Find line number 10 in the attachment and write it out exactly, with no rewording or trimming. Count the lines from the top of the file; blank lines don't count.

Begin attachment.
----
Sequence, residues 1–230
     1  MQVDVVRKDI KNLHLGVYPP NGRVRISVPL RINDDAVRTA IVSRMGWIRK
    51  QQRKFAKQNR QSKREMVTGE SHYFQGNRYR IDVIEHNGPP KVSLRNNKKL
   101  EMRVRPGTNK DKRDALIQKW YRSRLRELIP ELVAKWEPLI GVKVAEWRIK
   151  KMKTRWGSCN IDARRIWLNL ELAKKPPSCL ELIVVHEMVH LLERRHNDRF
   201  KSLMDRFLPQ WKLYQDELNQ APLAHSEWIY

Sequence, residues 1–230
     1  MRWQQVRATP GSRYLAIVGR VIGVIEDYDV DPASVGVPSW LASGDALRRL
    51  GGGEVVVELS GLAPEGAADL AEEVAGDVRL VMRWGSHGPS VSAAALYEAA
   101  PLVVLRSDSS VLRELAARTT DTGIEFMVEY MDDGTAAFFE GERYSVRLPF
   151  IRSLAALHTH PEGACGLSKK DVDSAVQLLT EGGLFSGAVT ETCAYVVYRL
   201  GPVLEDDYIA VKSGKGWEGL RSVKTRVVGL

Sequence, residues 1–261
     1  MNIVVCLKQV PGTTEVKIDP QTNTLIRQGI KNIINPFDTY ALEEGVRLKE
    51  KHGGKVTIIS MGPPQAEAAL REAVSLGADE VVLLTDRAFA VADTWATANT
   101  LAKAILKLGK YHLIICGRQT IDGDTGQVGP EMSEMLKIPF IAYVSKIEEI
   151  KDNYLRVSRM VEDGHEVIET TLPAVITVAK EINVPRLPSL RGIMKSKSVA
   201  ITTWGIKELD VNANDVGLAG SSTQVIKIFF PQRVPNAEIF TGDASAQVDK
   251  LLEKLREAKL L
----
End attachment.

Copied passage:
   101  PLVVLRSDSS VLRELAARTT DTGIEFMVEY MDDGTAAFFE GERYSVRLPF